Draw rainbow compound lines in WPF and C#

[rainbow compound lines]

The post Make compound lines in WPF and C# shows how to make compound lines, lines that are striped lengthwise. Once you know how to do that, it’s easy to make rainbow compound lines. The following code shows how this example converts the shape at runtime into the rainbow lines.

private void btnGo_Click(object sender, RoutedEventArgs e)
{
    // Get the outline path.
    PathGeometry flat =
        scribbleGeometry.GetFlattenedPathGeometry();
    double thickness = scribblePath.StrokeThickness;

    // Define the stripe brushes.
    Brush[] brushes =
    {
        Brushes.Red, Brushes.Orange, Brushes.Yellow,
        Brushes.Lime, Brushes.Blue, Brushes.Indigo,
        Brushes.Violet
    };

    // Give each stripe the same thickness.
    double stripe_thickness = 1.0 / brushes.Length;
    double[] thicknesses = new double[brushes.Length];
    for (int i = 0; i < thicknesses.Length; i++)
        thicknesses[i] = stripe_thickness;

    // Get Shapes representing the path's stripes.
    List<Shape> shapes = GetPathStripeShapes(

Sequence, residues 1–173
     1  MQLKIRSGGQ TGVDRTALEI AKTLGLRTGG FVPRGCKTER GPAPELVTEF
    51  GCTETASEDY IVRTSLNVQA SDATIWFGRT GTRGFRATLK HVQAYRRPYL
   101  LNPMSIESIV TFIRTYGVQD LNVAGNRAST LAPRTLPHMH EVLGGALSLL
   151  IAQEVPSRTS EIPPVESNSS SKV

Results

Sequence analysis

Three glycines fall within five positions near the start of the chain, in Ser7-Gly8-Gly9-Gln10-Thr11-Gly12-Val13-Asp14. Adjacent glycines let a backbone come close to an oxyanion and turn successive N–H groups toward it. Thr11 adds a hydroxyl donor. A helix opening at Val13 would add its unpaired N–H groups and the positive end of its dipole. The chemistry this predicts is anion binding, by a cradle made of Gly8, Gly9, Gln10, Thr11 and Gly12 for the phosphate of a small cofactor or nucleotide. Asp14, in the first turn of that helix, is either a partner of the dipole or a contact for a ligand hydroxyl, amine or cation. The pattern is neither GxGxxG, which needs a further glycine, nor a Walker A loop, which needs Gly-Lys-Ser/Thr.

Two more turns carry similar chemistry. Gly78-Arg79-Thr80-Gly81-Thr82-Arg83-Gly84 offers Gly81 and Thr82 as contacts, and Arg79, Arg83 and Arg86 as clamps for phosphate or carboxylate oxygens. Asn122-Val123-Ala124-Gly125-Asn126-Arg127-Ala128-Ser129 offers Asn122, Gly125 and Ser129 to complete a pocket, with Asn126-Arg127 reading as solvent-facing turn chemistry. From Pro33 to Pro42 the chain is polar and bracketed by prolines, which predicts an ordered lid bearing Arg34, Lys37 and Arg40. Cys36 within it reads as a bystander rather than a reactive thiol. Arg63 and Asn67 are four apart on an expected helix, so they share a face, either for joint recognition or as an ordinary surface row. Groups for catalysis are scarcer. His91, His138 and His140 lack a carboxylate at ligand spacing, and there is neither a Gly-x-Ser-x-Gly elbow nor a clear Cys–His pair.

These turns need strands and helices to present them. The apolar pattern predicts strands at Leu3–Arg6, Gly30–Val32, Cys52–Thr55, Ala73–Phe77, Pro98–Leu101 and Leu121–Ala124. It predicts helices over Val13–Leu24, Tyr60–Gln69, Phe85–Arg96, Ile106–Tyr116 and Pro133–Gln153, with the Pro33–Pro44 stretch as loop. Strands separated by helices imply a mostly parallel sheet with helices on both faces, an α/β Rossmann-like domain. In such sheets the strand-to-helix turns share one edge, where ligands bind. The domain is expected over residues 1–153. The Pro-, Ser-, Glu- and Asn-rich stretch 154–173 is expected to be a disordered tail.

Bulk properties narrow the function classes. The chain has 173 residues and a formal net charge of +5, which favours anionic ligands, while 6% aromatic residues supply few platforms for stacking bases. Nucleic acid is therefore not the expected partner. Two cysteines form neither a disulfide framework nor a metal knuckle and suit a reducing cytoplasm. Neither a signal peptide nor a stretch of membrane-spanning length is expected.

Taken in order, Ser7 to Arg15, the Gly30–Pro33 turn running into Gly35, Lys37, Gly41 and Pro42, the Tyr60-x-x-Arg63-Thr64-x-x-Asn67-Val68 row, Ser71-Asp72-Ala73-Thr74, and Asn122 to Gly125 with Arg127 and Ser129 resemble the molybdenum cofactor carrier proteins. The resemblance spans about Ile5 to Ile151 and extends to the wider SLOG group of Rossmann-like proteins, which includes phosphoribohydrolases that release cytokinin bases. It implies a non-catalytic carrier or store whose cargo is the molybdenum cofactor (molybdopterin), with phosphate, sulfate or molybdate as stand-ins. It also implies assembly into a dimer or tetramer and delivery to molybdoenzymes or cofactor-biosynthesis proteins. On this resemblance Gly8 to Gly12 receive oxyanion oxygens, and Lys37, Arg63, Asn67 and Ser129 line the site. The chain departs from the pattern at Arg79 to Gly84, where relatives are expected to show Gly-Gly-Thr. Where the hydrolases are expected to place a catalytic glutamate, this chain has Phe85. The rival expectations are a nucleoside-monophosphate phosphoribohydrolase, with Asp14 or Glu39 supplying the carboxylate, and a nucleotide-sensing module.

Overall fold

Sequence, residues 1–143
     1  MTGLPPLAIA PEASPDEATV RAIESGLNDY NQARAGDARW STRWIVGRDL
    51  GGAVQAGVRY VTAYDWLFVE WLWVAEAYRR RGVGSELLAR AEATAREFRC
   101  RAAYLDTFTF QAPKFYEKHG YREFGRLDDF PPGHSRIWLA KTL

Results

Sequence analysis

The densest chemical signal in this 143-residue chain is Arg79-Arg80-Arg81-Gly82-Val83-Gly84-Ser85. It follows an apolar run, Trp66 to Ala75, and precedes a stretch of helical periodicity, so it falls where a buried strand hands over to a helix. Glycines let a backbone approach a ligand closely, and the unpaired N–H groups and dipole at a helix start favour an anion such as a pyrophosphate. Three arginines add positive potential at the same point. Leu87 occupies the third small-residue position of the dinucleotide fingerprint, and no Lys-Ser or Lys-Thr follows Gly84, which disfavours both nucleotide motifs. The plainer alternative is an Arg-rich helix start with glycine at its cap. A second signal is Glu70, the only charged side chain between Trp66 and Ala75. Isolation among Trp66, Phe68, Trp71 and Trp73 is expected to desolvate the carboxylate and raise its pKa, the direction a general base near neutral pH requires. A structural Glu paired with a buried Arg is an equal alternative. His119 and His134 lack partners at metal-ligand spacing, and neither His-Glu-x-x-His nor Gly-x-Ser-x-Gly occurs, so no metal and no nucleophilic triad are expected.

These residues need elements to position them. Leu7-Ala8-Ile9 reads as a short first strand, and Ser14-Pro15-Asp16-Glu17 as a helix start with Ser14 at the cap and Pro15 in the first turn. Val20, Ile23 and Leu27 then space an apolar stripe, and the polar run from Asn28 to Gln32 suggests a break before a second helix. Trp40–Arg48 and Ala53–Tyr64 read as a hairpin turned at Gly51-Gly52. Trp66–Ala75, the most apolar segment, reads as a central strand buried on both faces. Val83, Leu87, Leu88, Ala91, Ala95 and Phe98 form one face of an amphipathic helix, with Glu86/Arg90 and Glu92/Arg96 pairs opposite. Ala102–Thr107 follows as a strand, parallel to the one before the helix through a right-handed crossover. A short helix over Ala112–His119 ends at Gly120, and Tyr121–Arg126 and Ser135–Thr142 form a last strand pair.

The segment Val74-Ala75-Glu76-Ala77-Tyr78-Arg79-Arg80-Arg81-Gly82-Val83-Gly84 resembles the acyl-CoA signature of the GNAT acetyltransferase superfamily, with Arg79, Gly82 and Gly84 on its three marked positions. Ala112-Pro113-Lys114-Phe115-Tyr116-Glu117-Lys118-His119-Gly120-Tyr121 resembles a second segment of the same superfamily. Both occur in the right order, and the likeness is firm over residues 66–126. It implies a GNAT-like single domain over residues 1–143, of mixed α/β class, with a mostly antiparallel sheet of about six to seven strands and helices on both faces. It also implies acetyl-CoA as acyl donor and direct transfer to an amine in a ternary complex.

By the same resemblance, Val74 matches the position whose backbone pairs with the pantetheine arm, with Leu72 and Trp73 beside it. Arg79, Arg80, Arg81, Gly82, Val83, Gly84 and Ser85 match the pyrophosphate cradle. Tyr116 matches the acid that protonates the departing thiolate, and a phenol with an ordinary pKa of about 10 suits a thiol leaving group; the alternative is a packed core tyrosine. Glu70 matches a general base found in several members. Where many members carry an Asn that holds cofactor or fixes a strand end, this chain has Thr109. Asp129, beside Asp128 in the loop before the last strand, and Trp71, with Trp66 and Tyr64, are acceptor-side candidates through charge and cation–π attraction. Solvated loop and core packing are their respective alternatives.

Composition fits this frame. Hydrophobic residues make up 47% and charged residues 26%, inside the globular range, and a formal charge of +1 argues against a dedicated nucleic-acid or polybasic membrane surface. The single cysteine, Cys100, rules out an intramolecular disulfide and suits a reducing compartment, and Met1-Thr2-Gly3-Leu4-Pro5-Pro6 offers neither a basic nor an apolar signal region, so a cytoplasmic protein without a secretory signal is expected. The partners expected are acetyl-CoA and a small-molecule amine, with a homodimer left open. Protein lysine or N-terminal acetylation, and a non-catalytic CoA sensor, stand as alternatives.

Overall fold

flat, thickness, thicknesses, brushes);

    // Add the Shapes to the main Grid.
    foreach (Shape shape in shapes)
        grdMain.Children.Add(shape);

    // Remove the original path.
    grdMain.Children.Remove(scribblePath);
    btnGo.IsEnabled = false;
    btnGo.Opacity = 0.5;
}

This code starts by getting the original path’s flattened points and thickness.

Next the code makes an array of Brush objects to define the stripes’ colors. It then initializes an array of thicknesses, giving each stripe the same width.

The code passes the Brushes and thicknesses arrays into the GetPathStripeShapes method to get the rainbow shapes. It then adds the shapes to the main Grid control.

The code finishes by removing the original path from the Grid and disabling the Go button.

[rainbow compound lines]
Notice that the stripes don’t act as a single thick ribbon when they overlap themselves. For example, you might prefer the shapes to look like the picture on the right. To do that, you would need to calculate where the shapes intersected themselves and then break them into non-overlapping pieces.



[rainbow compound lines]
This code shows a basic approach you can use to draw just about any shape with compound lines. Simply replace the values in the thicknesses and Brushes arrays and the rest of the code will be roughly the same. For example, the picture on the left shows the program using 10 different shades of blue for its stripes.

Feel free to download the example and experiment with it.



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About RodStephens

Rod Stephens is a software consultant and author who has written more than 30 books and 250 magazine articles covering C#, Visual Basic, Visual Basic for Applications, Delphi, and Java.
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